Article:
10 things to look for in digital evidence management systems

Important features that you should look for as you compare digital evidence management systems

By CaseGuard

This article is provided by https://CaseGuard.com and does not necessarily reflect the opinions of PoliceOne.

We are sometimes surprised to learn that potential clients don’t really understand what a fully capable digital evidence management system is capable of doing. They may know that whatever system they are using right now isn’t working, or at least isn’t very efficient, but they really have no idea what they are missing. So we thought we’d take a few minutes to talk about some of the important features that you should look for as you compare digital evidence management systems.

  1. First and foremost, a new digital evidence management system should be user friendly and easy to understand for even the most computer challenged among us. If the users are frustrated, you’ll get tired of hearing about it and you will be frustrated as well. Photo and video uploads should be intuitive and fast. No one wants to sit and watch a progress bar that doesn’t progress. You will find that some officers are comfortable with Internet Explorer, while others prefer to use Google Chrome or Firefox. Your evidence management system should be compatible with all of the common browsers and should readily adapt to different screen sizes or what’s commonly referred to as responsive design.
  2. Your new digital evidence management system should be versatile enough to accept files from virtually any source, such as any type of still camera, cell phones (iOS or Android), body worn video cameras of any type, in-car cameras, surveillance cameras, etc…
  3. Any worthwhile digital evidence management system must have the ability to authenticate files before and after they are uploaded. You, and your prosecutor, will rest easier knowing that your photos and videos haven’t been altered or, if they have, the evidence software caught it and required an explanation from the uploader. Additionally, all other metadata from each individual file should be automatically captured and made easily searchable. That data will probably include device information, date and time the file was created, file height and width, GPS coordinates, and much more.
  4. The search capabilities within the evidence software are incredibly important. It doesn’t take long for even a small agency to amass thousands of photos and videos, none of which will help you if they cannot be easily located by any number of user defined search queries.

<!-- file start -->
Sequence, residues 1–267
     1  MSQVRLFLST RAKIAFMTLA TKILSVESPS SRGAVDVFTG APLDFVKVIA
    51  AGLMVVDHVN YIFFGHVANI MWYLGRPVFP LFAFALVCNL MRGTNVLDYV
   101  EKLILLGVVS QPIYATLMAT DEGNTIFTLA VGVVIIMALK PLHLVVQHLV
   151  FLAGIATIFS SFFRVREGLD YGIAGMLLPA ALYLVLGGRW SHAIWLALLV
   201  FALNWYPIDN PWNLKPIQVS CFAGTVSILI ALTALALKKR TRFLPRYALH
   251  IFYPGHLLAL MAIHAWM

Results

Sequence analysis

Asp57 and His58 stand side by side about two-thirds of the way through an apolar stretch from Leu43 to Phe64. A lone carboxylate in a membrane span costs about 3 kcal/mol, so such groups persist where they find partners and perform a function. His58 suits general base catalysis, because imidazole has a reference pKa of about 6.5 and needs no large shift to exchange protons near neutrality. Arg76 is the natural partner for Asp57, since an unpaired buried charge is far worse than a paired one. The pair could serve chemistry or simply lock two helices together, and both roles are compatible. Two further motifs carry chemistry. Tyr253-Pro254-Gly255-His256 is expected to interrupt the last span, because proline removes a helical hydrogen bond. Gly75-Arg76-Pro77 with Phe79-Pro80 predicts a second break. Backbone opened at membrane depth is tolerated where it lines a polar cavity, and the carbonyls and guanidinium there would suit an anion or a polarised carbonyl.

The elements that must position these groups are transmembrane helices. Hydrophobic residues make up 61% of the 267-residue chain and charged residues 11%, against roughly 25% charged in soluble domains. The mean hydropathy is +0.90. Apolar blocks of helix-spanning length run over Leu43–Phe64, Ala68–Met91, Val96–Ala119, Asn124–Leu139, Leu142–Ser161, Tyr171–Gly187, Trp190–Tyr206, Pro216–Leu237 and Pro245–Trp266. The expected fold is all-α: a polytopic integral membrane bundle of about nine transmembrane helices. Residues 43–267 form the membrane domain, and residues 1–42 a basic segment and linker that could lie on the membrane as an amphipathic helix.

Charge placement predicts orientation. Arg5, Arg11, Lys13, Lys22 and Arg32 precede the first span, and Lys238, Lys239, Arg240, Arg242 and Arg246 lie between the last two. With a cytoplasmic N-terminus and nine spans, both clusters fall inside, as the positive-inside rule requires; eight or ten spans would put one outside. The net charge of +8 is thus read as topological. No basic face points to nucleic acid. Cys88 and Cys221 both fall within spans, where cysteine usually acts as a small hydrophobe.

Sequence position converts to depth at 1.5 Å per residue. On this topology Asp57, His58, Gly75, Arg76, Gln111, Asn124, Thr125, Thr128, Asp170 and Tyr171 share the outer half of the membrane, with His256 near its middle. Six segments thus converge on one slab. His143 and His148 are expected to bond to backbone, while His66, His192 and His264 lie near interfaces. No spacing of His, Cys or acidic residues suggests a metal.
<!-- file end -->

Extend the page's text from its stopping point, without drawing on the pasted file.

5. Your new digital evidence management system should absolutely offer a full and unalterable chain of custody. That chain will tell you, and anyone else, exactly who uploaded a file, who looked at a file, who downloaded a file, who deleted a file, who printed a file, and just about anything else associated with those files.
  6. The ability to share files digitally is one of the reasons agencies are often compelled to look for a better system. There is no longer any good reason to print photos, or even to burn them to a CD/DVD, when you can allow virtually anyone of your choosing direct (but limited) access to your new evidence management software. Let the prosecutor look up the case photos himself, and he can download or print the ones he actually needs, rather than wasting your staff time and resources.
  7. Along those same lines, you (or your system administrator) should be able to grant user permissions to individuals or specified user groups that allow customized levels of access based on need. Not every officer needs access to every photo. Make sure your new digital evidence management system will allow you the ability to restrict access on sensitive cases to only those who actually need it.
  8. Even the most basic digital evidence management systems should offer simple enhancement tools (the use of which is controlled by YOU) such as the ability to rotate images, invert colors, cropping, brightness and contrast, etc… While top end digital evidence management systems may allow side by side comparisons of photos (handy for comparing fingerprints or shoe impressions, among other things), calibration of images, synchronization of videos from different sources and angles, redaction of videos, or even an integration with Adobe Photoshop.
  9. Your new evidence management system must have the ability to archive old cases and restore them as needed.
  10. One of the biggest challenges we face is the myriad of proprietary video formats that come through the evidence room, each requiring a different “player”. Will your new digital evidence management system play videos for all of the file types that you encounter? Or will it require the use of a third party program? Versatility is key, as is system support and vendor upgrades as digital technology evolves.

Hopefully we’ve enlightened you, or at least reminded you, of the capabilities of some of the digital evidence management systems on the market today. Good luck as you search for the best digital evidence solution for your agency!

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